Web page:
You know it really can be. It’s almost like carrying around this huge bucket of stress which just gets heavier and heavier. You know you need to change, but you are so encased in your behavior and thought pattern that even a simple step is too hard. You start to exist rather than thrive.

To break the cycle is really scary, which is where my sessions come in. I create time and a non-judgmental space where my clients can be the person they want to be, empty that stress bucket and start building a strong foundation from which they can move forwards.

So how does the healing process you use work?

The first step is to reassure my clients that they are in a totally safe space, without scorn or judgement. As we move forward I use techniques and exercises to help my clients release their victim mentality and start tapping into their energy and self-belief. I help them to focus on what they can do rather than what they can’t. It might be just a small thing, but it’s about taking one small step at a time and building up.

The past is regrettable, yes. But with the right support and work it is possible to learn how to manage our thoughts and eventually, turn them in to actions.

Scientifically it’s about engaging the part in our brain called the anterior singlet, doing the work, identifying the emotion, and implanting a different behavioural response. Once we’ve nailed this, the hypothalamus slows down the production of stress hormones and starts to produces serotonin instead – the happiness hormone! This ‘shock absorber for life’ enables people to start focusing on a more positive solution.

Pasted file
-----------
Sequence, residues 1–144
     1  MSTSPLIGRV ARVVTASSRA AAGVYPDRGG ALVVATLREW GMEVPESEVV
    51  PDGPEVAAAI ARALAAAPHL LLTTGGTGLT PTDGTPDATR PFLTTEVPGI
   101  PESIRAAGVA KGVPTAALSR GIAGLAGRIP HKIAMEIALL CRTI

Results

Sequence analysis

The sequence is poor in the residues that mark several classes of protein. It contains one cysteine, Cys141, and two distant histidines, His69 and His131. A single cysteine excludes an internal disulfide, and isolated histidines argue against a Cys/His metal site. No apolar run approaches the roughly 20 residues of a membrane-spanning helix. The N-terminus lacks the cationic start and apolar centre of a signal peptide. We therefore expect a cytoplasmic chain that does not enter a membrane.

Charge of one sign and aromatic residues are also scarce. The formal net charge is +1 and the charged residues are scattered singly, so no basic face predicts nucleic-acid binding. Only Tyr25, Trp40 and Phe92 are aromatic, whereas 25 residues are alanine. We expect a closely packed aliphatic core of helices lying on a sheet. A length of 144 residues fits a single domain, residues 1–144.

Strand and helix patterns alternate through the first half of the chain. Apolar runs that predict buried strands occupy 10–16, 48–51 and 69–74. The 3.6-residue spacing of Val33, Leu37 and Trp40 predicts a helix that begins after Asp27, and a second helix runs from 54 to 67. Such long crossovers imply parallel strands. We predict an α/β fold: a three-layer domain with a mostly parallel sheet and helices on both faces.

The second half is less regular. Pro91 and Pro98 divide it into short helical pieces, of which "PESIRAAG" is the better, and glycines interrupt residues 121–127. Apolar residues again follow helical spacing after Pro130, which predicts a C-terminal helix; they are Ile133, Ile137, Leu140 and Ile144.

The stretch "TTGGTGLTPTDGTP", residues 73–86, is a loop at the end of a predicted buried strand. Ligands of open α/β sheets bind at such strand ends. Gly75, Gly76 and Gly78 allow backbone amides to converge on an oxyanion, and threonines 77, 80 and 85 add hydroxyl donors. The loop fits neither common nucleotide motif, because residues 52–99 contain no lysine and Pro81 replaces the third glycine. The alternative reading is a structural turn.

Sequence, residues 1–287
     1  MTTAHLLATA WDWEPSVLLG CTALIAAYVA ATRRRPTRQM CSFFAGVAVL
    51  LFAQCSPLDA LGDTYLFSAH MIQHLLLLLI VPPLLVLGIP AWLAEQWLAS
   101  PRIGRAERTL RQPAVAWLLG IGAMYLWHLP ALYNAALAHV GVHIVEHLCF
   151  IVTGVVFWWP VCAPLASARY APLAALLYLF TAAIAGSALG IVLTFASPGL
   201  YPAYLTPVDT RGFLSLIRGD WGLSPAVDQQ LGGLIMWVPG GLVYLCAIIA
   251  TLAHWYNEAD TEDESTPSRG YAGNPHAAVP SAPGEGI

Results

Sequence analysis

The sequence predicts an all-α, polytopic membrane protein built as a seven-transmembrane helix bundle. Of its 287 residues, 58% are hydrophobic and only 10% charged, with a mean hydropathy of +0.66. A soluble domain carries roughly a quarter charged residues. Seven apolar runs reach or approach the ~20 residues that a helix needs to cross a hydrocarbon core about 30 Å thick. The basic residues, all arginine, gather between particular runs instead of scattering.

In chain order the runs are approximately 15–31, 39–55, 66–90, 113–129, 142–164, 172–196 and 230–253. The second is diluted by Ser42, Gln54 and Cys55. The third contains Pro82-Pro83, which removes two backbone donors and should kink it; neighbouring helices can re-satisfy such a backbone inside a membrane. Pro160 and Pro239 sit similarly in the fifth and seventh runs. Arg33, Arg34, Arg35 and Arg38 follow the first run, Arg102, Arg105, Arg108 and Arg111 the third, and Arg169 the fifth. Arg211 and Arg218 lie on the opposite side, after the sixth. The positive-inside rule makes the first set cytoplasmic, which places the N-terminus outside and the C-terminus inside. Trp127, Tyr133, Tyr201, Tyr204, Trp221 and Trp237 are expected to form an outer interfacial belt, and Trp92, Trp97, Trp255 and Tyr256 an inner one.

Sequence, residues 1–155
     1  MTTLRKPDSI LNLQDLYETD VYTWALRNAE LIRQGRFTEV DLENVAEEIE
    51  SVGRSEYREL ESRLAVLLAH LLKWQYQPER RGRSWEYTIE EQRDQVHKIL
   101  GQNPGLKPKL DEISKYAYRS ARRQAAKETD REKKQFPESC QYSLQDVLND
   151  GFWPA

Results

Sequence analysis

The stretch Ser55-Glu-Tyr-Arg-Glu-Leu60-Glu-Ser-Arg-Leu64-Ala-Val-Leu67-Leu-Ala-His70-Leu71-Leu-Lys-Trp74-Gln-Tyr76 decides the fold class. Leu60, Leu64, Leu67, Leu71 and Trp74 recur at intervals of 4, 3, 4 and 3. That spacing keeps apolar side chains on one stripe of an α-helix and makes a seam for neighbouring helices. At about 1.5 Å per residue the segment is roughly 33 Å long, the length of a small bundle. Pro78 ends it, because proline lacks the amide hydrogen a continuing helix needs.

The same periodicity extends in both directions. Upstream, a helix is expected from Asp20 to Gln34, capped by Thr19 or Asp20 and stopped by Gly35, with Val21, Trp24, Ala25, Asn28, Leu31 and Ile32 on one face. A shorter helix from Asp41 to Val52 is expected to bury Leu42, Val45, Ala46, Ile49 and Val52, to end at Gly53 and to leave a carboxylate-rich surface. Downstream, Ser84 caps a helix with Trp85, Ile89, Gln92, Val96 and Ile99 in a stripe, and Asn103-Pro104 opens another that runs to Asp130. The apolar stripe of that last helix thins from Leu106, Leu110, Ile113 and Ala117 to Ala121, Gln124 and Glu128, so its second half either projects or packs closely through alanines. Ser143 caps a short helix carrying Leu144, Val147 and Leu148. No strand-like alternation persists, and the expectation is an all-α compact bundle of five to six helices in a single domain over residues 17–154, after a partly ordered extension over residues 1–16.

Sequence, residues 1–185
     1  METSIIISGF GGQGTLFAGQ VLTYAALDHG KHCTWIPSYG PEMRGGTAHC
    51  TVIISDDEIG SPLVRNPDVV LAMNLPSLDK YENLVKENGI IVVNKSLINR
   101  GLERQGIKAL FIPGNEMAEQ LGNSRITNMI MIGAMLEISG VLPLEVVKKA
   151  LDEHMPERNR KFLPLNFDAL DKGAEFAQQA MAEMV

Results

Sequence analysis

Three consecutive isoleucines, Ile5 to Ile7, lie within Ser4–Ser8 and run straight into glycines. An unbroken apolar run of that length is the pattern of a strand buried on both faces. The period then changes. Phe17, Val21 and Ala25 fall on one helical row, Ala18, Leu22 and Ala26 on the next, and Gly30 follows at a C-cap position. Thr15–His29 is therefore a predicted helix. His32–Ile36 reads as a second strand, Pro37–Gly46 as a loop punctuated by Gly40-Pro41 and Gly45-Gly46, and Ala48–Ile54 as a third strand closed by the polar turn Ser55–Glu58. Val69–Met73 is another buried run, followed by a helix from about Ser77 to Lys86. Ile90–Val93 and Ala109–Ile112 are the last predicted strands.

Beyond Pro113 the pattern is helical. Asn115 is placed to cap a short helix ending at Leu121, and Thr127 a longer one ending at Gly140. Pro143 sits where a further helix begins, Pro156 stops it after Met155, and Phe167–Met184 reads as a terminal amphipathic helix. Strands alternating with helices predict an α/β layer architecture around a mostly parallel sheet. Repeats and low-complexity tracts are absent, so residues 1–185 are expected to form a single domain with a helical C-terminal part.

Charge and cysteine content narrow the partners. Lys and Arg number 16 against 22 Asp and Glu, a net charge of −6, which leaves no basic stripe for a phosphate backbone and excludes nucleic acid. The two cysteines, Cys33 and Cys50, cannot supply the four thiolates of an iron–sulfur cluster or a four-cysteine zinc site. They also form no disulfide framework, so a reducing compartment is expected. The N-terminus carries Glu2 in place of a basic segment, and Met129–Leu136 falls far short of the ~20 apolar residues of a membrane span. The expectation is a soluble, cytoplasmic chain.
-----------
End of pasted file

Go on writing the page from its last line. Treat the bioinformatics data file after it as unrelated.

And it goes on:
Once you’ve taken one small step, it becomes ever so slightly easier to take another, and then easier again, and again and again until suddenly you realise, “I can do this, I deserve happiness.”

And how long does it take for this sort of therapy to have an effect?

It’s different for every person. It depends on the cause of their trauma, how long they’ve been dealing with it and how they move through the process. There’s no right or wrong way, no perfect speed. Each case is unique and each client has as much or a little time as they need.

What I will say though is my technique isn’t about therapy for life. It’s about getting clients to the point where they feel confident and capable enough to cope.  I’m invested in giving people the tools, confidence, resilience and ability to understand they can do this.

By changing the way we think, we can change the way we feel. It’s pretty powerful stuff!

So how would I know if I needed help?

If you’re waking up every morning with a feeling of dread, if you’re running the same thoughts and scenarios in your head over and over, if you’ve got that jetlag feeling in your tummy all the time and your negative inner voice is constantly berating you then you might benefit from support.

I often ask people: “Are you being as kind to yourself as you would be to your best friend?” If the answer is no then you need to start being a little more compassionate to yourself.

Look, we’re only human. We all make mistakes, that’s ok. What’s no ok is letting those mistakes define your life from that moment forward.

Thanks Brett, so do you have any top tips for helping us to thrive and live life in balance on a daily basis?

My first tip would be to try and take responsibility for your own thoughts and remember, your brain is supposed to work for you, not the other way round!

A lot of my clients will journal, taking time to step back and think about what’s been good today – it’s about just stopping for a moment with no distractions and saying to yourself, “What’s good about today?”

It doesn’t need to be big, just identify one thing, it could be that you I heard bird song in the garden, it could be you actually managed to sit down for 20 minutes today a drink a whole cup of tea! What it is isn’t important, the fact that you’ve noticed it, really is.

>> Want to know more? Click here to visit Brett Rennolds’ therapist profile and find out more